Captain America and the American Dream - in doubt?
Captain America’s United States # 1. Credit: Marvel

It’s almost as if his words are reused to fit an agenda, which is exactly what The Washington Times did. Except they chose not to reprint or report on that bit either. This is funny. Anyway, at this point, Cap is attacked, his shield is stolen, launches a chase and a battle through town, and presumably through the series, with all the symbology that comes with it. And as Steve Rogers begins to find out how all kinds of people are currently responding positively to Captain America. When he gets the shield back, maybe that will prompt him to place it in the Smithsonian after all? Because this comic seems to see how the American Dream inspires so many, and in the comic it manifests itself by mirroring the Americana image of Captain America, scavenged by disparate groups in search of their own icon. And for those who think that kind of political talk is too much of a hammer for Captain America, well, he’s used to doing it a lot more, and not just in an inner monologue. Like that. forty years ago;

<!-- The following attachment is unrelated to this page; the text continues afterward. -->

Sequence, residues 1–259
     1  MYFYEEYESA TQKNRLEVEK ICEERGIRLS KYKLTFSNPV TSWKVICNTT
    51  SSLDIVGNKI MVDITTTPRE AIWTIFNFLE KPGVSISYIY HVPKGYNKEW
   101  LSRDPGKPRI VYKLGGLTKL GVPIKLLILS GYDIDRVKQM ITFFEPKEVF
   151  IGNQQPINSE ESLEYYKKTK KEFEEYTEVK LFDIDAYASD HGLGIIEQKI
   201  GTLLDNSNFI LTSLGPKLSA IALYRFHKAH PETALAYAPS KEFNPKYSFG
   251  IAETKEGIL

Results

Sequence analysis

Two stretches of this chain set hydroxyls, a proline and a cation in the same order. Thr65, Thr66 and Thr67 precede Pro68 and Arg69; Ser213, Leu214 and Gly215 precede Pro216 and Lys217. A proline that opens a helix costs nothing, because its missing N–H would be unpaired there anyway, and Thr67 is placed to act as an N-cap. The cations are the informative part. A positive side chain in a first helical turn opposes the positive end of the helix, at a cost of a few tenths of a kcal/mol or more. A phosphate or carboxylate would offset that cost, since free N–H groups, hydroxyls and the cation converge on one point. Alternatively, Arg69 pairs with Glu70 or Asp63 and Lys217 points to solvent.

Captain America and the American Dream - in doubt?
Credit: Marvel

Or a decade ago, when the President of the United States was revealed to be the head of a major criminal enterprise, The Secret Empire, playing Watergate.

Captain America and the American Dream in doubt?  Or just propaganda?
Credit: Marvel

This leads Steve Rogers to abandon his identity as Captain America for a while, unable to feel that he could represent an America like this. It’s not the only time he’s done this, it’s become a trope. Although at the time, no one chose to publish a headline that said “Marvel Makes Captain America Tell America is a Piece of Trash” or “Marvel Says President of the United States is a Criminal in leader who commits suicide, has Captain America resigned “. At different times, I guess, where the comics could tell all kinds of interesting stories and make political arguments without scaring the horses. It’s just strange that the people who grew up with these stories are now mortally offended when something similar and, to be fair, more subtle and nuanced now happens. And look, there will always be something weird about a superhero draped in a flag, but at least Captain America repeatedly acknowledges it and examines the aftermath. Before hitting someone real hard and throwing their shield in a very cool way too …

Posted in: Comics, Marvel Comics | Tagged: Captain America, Christopher Cantwell, wonder, Washington Times